An alternative look at the Hero ISL finalists

Kerala Blasters FC David James

The inaugural edition of the Hero Indian Super League is all set for a thrilling climax, with Atlético de Kolkata and Kerala Blasters FC facing off with the chance to make history by becoming the first champions of the ISL. Having looked at the overall statistics for both sides here indiansuperleague.com picks out some more key stats that could have a bearing on the match:  

Kerala Blasters FC

Kerala’s strike-force has been one of the lower-scoring units in the league, even accounting for the four goals they scored against Chennaiyin over the two semi-final legs. There are two stats which offer clues to why the Blasters attack has been misfiring. Firstly, they lead the league with the highest number of offsides (43), which highlights a comparative lack of cohesion between the various components of the attack. 

Shockingly, Kerala have also yet to earn a penalty in 16 games, even though they lead the league in crosses. Although this might seem like bad luck, it also indicates that Kerala’s attack seems to spend less time with the ball in the opposition penalty area or their attackers can’t draw defenders into fouls. 

Kerala’s defence is however top class. Underpinning the strength at this end is the play of goalkeepers David James and Sandip Nandy (and, briefly in the second leg semi-final, Luis Barreto). The Kerala custodians lead the league in save percentage, having saved 81.8% of opposition shots on target. Kolkata’s attack will have to be at their sharpest to breach the Blasters’ goal.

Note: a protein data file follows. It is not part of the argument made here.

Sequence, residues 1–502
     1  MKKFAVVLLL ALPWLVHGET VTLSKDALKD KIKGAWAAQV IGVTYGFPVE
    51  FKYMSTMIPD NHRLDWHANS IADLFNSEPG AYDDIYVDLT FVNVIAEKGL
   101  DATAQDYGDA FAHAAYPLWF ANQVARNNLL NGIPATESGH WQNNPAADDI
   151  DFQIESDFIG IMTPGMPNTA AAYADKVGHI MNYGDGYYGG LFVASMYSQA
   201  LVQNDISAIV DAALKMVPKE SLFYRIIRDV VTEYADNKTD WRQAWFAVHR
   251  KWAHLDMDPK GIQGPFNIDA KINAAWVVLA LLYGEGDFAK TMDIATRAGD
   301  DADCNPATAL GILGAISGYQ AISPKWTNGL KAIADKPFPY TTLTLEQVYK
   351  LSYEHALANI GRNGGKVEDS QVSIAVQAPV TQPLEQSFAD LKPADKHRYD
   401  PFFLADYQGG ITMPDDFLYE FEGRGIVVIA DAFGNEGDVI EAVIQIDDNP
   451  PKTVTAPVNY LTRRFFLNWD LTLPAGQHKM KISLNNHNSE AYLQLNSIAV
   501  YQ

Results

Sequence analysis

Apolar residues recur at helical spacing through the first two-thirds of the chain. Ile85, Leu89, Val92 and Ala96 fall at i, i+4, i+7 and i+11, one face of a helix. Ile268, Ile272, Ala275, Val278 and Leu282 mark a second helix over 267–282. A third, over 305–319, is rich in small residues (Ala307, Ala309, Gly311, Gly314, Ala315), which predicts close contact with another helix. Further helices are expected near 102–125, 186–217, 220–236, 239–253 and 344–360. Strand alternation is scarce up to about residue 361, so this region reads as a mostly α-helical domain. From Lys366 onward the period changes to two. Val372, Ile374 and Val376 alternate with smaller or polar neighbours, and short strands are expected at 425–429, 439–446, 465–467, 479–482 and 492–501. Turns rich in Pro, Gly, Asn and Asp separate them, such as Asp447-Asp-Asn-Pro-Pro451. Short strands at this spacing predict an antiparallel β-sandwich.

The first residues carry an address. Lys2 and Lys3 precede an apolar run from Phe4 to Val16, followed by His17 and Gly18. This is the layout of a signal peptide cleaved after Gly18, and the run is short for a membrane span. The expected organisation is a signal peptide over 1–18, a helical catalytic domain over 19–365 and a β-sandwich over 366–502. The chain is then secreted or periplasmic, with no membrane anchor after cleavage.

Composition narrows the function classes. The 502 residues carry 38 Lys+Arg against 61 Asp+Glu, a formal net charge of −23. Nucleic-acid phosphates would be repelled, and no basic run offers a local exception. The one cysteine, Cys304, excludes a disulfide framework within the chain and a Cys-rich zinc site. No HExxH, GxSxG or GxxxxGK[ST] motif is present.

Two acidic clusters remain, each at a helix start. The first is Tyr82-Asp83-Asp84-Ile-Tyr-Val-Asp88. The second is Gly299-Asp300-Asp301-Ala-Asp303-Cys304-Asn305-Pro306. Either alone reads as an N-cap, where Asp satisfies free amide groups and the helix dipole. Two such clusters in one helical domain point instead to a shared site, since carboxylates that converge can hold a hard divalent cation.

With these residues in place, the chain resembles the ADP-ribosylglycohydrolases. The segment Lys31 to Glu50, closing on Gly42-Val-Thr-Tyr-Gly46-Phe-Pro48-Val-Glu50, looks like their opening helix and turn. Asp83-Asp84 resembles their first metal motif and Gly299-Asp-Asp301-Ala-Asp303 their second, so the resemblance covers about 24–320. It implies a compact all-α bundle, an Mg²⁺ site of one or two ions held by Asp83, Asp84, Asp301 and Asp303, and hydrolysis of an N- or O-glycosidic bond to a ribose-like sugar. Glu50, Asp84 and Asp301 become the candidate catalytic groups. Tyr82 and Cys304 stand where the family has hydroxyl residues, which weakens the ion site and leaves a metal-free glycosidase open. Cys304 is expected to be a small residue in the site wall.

Atlético de Kolkata

Atlético de Kolkata

 

Atlético de Kolkata’s season has been similar to Kerala’s in terms of numbers and style; they are a counter-attacking side relying on defensive solidity. Stacking a few statistics up directly against Kerala offers an insight into how the final may play out. Firstly, Kolkata have won the highest number of penalties in the league. More importantly, however, they have a 100% success rate from their spot-kicks, having converted all four penalties they have earned (coincidentally, they were also four from four in their penalty shoot-out against Goa in the semi-final).

Kerala’s defensive discipline will be tested against the Kolkata attacking unit. Given that the final is likely to be a game of few goals as strong defences are involved, Kerala player-head coach James’ charges will have to ensure that they do not concede any spot kicks to their rivals.  

Another point which may decide the outcome of the final is Kolkata’s goal conversion rate. Though the Antonio López Habas-coached side have the fewest shots (163) and shots on target (81) in the league, they have the second-highest goal conversion rate among the eight teams, having scored from nearly 20% of their shots on target. This sets up an enticing battle against whoever starts in goal for Kerala – as mentioned earlier, Kerala have the highest save percentage in the league. Something’s got to give.

One more key statistic which highlights Kolkata’s counterattacking style is their ball possession. On average, they have had 46.63% of possession, the lowest mark in the league. This means that defence-oriented Kerala will likely see more of the ball than usual, and they will have to remedy some of their attacking issues in order to make their possession count. 

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